Objectives: It has been reported that laparoscopic exploration shows multiple hernia defects that were not detected on physical examination. The objective of this study was to describe the superiority of laparoscopic approach in detecting occult hernia defects and the precise size of hernia defects.
Methods: A total of 35 consecutive patients who underwent laparoscopic ventral hernia repair in our hospital between April 2002 and August 2008 were enrolled in this study. The numbers and the size of ventral hernia found on preoperative physical examination and computed tomography were compared to those detected after adhesiolysis during laparoscopic procedures.
Data were collected prospectively.
Surgical technique: The initial port was inserted at the left upper abdomen by minilaparotomy followed by the insertion of two trocars at the left lateral abdomen. After the anesthesia was induced, the size of the hernia defect was measured laparoscopicaly after the adhesiolysis. Composix E/X or Dual mesh was fashioned so that the defect was overlapped in all dimensions by 3-5 cm. The mesh was fixed intracorporealy on the anterior abdomen by O nonabsorbable monofilament suture materials and tucks. Results: The patients consisted of 7 men and 28 women with a mean age of 71.4 years. There were 30 midline incisional, 3 right lower quadrant and 2 umbilical hernias. There were no intraoperative complications and no mortality. Conversion to an open repair was required in one patient because of massive adhesion into the hernia sac. Mean operation time and the length of hospital stay was 124 min and 7.1 days, respectively. Out of 35 laparoscopic ventral hernia repairs, 8 patients (22.8%) were found to have occult defects. The numbers of occult defects were 2 in 5, 3 in 2 and 4 in 1 patient. Out of 31 patients who were performed preoperative CT, hernia defects were detected precisely in 20 patients (64.5%), overestimated in 4 (12.9%) and underestimated in 7 (22.6%). Consequently, the size of mesh used was larger than that had been estimated before surgery in patients with occult hernia defects. During a median follow up period of 32 months, there has been no recurrence.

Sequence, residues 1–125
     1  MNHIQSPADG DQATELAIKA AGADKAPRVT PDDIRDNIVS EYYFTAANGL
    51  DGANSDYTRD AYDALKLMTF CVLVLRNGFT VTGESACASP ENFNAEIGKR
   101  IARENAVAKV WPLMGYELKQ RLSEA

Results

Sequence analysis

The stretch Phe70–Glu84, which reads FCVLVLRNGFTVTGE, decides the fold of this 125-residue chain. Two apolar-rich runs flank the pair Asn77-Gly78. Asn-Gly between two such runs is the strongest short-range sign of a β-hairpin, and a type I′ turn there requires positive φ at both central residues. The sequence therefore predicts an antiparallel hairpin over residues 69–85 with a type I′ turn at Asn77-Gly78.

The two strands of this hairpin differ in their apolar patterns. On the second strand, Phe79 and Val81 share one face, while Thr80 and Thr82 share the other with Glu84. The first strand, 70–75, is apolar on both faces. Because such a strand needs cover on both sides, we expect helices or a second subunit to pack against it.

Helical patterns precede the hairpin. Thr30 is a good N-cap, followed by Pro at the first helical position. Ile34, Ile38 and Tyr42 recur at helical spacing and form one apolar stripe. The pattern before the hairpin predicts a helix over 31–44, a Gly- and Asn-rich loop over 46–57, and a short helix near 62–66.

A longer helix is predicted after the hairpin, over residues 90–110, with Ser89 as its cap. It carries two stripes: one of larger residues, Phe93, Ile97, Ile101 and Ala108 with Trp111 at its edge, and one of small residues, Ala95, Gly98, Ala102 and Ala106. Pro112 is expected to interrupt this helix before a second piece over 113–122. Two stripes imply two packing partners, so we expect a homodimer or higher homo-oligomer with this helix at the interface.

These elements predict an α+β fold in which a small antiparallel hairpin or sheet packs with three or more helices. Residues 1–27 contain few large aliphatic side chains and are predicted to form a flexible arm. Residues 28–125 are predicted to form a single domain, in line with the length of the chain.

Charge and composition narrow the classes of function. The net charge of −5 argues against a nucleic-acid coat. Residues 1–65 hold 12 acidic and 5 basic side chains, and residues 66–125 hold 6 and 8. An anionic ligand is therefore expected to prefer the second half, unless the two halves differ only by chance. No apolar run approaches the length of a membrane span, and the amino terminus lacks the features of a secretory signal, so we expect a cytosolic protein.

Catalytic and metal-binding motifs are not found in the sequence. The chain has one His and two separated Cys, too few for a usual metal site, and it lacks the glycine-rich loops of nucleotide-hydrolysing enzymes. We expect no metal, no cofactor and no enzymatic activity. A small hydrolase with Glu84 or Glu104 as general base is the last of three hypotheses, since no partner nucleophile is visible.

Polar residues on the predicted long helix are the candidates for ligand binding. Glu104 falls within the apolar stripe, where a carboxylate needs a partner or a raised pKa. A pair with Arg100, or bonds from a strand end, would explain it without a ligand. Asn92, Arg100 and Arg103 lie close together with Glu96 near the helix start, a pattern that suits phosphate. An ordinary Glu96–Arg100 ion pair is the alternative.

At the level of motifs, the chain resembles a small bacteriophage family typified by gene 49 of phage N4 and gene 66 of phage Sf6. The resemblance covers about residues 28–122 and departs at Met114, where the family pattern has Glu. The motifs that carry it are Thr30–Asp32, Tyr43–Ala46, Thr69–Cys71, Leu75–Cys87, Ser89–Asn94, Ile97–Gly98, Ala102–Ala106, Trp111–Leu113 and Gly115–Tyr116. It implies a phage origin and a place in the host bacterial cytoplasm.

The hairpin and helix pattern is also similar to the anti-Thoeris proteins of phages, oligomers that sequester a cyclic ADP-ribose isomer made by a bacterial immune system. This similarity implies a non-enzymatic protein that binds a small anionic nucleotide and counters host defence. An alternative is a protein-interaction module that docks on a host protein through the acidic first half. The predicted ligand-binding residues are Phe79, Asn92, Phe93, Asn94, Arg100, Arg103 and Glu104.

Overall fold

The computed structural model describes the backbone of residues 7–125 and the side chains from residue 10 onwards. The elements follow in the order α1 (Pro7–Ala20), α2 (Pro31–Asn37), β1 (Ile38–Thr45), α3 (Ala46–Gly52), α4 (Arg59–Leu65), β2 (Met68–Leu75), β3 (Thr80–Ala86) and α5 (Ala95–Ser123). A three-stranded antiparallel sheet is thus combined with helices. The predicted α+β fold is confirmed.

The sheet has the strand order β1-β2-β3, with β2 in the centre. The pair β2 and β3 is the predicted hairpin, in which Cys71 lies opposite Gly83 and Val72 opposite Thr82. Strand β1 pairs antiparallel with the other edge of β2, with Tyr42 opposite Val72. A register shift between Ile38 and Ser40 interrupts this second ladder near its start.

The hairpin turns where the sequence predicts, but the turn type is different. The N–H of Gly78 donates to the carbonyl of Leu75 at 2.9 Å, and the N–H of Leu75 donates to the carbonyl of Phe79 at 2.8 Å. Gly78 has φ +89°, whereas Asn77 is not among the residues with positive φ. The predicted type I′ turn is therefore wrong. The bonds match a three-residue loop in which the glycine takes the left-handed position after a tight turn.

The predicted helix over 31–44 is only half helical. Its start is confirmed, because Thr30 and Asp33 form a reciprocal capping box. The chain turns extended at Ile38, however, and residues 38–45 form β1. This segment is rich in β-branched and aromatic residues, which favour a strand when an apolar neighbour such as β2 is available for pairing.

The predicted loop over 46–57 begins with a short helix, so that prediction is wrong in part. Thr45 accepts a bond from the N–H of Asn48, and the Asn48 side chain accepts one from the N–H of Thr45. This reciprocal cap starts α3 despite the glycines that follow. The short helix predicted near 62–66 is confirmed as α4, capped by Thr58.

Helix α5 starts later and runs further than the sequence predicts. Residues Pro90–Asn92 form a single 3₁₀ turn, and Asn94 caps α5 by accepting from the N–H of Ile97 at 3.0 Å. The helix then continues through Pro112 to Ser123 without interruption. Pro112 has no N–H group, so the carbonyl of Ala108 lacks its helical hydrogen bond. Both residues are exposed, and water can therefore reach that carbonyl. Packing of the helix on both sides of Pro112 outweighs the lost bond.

Conclusion: In laparoscopic ventral hernia repair, occult hernia defects were found to be common findings. The inspection during laparoscopy takes advantage of detecting occult hernia defects precisely, which result in an excellent outcome of laparoscopic ventral hernia repair.
Program Number: P454